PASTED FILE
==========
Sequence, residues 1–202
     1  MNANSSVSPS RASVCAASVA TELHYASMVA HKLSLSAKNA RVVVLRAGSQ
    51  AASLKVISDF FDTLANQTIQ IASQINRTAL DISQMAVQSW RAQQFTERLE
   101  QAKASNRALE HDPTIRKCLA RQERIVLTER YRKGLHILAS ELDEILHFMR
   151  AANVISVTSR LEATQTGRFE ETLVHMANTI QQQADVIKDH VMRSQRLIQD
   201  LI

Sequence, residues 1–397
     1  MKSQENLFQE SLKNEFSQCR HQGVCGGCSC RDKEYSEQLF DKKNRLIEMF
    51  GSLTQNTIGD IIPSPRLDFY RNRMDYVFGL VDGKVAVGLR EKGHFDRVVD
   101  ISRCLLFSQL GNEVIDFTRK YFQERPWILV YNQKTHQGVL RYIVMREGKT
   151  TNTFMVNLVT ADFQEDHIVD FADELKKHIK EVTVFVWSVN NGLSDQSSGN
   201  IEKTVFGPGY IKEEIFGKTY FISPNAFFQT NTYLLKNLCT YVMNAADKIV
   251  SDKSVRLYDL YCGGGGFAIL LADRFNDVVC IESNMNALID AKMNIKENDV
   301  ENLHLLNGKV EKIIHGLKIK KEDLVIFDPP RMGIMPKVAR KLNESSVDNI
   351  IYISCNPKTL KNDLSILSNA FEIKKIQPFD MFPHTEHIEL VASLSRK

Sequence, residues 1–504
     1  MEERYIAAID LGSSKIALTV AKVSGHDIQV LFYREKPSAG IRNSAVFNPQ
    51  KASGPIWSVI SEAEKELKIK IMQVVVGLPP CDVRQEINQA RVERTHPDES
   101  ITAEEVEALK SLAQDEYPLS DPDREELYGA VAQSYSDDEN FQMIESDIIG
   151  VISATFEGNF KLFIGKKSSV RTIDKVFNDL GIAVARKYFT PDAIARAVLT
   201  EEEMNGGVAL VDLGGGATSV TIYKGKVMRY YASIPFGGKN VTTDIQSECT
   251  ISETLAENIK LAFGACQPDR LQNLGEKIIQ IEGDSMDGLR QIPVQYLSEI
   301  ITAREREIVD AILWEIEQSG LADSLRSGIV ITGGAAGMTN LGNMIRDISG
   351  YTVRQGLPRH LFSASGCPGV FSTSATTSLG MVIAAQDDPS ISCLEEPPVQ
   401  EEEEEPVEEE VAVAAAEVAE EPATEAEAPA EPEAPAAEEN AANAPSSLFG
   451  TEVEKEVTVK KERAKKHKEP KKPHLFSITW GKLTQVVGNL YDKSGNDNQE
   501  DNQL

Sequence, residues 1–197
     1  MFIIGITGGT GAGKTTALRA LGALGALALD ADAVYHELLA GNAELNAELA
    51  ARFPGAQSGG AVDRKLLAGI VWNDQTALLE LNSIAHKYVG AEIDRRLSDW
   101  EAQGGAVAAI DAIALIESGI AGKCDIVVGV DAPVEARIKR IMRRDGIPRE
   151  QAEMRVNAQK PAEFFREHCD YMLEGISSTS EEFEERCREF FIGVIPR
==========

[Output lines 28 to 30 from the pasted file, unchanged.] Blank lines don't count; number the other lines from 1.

Sequence, residues 1–197
     1  MFIIGITGGT GAGKTTALRA LGALGALALD ADAVYHELLA GNAELNAELA
    51  ARFPGAQSGG AVDRKLLAGI VWNDQTALLE LNSIAHKYVG AEIDRRLSDW